With Anaheim Union High School District officials prepared tonight to issue a formal request to state officials for a waiver to institute new maps designed to create more racially balanced district board elections, activists are calling for a delay and demanding more information about polarized voting.
While Anaheim City Council members have been locked in a prolonged court battle over establishing residency-based election districts, school board members seem to be willing to adopt it.
However, the battle lines at AUHSD are being drawn over what kinds of district lines — and election districts — would be created.
To date, activists with the League of United Latin American Citizens or LULAC and Los Amigos of Orange County have been unsuccessfully pushing the district to release the results of racially polarized voting trends from local precincts.
With district board members poised tonight to consider adopting the new system, activists are calling on them to slow down.
“They need to make it clear where there are polarized voting patterns,” said longtime Orange County LULAC leader Arturo Montez. “If you study where the polarization occurs, you can draft a good map.”
As it stands, Montez said, the cities of Cypress and La Palma have dominance over the school district’s board composition and affairs.
And for the first time, Montez said, the results of a decade of testing established by the No Child Left Behind Act can offer real insights on how such racially polarized voting translates into school achievement.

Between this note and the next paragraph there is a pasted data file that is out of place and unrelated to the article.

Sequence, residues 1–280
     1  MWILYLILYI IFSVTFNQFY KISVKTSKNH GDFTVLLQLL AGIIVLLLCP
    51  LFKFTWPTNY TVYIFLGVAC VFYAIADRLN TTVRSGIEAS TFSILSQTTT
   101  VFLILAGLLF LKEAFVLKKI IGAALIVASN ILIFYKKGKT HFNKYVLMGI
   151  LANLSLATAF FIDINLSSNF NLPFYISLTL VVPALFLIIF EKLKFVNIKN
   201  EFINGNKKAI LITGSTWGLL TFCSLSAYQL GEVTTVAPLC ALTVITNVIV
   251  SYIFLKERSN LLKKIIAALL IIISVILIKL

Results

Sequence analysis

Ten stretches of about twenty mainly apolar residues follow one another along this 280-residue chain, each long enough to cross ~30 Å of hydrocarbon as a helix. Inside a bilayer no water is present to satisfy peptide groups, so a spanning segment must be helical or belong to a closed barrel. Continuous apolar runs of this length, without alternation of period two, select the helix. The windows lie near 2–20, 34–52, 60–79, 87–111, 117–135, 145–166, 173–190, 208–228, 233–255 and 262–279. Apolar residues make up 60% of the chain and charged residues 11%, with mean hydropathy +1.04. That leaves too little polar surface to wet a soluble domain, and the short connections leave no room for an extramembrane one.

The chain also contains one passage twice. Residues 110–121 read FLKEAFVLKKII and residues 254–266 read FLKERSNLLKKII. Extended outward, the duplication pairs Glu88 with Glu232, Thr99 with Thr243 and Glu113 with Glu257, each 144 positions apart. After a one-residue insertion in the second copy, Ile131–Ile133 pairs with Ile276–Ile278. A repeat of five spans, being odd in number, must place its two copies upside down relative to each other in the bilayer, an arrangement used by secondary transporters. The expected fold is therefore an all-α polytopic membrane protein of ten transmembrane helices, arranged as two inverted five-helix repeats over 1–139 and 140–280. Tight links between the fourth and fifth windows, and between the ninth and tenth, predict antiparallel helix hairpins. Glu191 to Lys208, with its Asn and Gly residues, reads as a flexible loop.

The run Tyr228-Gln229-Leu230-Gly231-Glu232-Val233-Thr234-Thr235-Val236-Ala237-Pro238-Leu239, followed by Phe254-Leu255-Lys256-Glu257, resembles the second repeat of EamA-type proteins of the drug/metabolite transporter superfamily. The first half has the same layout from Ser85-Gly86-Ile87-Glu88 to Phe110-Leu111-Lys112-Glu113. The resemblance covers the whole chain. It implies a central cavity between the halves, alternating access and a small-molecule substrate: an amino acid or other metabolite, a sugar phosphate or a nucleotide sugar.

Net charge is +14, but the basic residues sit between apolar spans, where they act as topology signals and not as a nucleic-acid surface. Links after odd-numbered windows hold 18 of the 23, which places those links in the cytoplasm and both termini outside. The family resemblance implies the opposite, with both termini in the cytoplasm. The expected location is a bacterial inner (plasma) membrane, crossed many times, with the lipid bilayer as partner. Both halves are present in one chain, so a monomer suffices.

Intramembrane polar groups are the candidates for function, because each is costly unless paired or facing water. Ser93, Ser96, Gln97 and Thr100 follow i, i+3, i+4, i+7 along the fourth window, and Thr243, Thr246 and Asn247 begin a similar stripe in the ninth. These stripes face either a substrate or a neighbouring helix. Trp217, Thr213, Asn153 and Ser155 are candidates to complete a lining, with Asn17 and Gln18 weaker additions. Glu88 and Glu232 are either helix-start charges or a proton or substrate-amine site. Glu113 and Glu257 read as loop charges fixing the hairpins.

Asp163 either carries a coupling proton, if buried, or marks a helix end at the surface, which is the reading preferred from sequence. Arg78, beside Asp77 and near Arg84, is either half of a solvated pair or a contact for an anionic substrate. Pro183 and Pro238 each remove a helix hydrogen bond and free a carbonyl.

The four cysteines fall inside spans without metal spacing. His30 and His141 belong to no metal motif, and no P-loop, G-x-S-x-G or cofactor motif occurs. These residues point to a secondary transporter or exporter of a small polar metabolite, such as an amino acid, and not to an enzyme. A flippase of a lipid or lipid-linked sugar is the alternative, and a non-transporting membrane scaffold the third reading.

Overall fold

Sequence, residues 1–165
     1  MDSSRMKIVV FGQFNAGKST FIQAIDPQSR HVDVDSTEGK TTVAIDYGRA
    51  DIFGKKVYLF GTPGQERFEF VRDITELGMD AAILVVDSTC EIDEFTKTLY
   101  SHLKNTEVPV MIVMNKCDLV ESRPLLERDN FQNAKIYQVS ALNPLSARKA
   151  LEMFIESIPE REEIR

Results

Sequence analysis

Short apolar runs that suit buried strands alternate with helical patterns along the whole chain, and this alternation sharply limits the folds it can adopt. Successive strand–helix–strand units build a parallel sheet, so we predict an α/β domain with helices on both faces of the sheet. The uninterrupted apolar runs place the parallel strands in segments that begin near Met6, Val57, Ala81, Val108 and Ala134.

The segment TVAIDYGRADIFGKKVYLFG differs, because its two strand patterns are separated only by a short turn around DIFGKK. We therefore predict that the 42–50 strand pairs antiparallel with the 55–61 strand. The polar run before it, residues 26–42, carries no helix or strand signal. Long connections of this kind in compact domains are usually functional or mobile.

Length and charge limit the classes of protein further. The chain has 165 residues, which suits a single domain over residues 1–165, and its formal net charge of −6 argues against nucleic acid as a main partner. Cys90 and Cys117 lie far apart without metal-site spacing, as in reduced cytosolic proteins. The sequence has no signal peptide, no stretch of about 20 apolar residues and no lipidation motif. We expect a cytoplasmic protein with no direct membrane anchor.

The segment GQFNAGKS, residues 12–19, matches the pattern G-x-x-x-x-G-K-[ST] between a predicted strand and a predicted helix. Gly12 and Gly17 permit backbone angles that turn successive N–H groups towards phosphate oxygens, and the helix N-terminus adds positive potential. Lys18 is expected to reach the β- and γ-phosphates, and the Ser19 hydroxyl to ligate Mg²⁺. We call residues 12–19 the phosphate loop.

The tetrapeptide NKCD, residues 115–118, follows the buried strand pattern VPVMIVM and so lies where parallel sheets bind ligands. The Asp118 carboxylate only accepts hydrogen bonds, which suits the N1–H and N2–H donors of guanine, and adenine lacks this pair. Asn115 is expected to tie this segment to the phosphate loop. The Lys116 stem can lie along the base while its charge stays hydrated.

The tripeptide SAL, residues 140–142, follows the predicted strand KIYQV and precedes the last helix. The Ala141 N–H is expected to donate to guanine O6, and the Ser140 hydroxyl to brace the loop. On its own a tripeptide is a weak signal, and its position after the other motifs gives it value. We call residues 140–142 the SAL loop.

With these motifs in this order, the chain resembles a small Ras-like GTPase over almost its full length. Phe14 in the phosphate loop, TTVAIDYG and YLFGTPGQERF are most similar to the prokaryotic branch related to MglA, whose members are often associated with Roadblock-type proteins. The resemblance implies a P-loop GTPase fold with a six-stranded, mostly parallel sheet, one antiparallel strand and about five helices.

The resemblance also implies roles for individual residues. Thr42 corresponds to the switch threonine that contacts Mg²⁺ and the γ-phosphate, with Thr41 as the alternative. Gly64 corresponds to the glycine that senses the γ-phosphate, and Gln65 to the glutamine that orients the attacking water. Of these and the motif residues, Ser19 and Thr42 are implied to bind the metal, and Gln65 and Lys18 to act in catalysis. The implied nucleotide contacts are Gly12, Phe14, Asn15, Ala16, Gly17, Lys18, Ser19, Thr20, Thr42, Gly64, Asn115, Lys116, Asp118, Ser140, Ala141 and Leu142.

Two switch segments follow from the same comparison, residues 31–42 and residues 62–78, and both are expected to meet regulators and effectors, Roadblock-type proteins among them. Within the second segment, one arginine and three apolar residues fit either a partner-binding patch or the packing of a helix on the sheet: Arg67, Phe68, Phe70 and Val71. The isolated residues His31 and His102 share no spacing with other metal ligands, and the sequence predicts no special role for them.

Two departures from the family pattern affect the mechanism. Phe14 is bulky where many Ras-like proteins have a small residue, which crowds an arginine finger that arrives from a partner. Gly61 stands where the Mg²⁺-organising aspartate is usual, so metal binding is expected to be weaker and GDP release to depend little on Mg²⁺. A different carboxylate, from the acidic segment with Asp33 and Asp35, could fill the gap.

And the results aren’t pretty, Montez argued.
Cities in the district with the highest Latino concentrations — Stanton, Anaheim and Buena Park — also have the lowest incomes. And the worst test scores, Montez noted.
At Thursday’s meeting, board members will hold a public hearing on a proposed general waiver request seeking a waiver from the State Board of Education “of the requirement that the establishment of Trustee Areas and adoption of a By-Trustee Area election process be submitted to the electors as set forth in Education Code Section 5020, and portions of Education Code Sections 5019, 5021, 5030.”
Montez argues that the district isn’t ready, saying it has been evasive in terms of sharing voting block numbers and added that the district’s process had not been inclusive.
Montez last month threatened to file a lawsuit if they moved to adopt election lines that don’t result in more Latino representation.
“We have sufficient parents to support us in this action and any action regarding inequities in the process,” Montez said.
Consultants for the board largely echoed, albeit in a more neutral fashion, Montez’s point.
According to federal law, board members have to create a Latino-majority voting district in the district if they can, according to the consultants.
The district’s student population is 64 percent Latino, 16 percent Asian and Pacific Islander and 12 percent white.
The debate is scheduled for 6 p.m. Thursday at the district’s headquarters.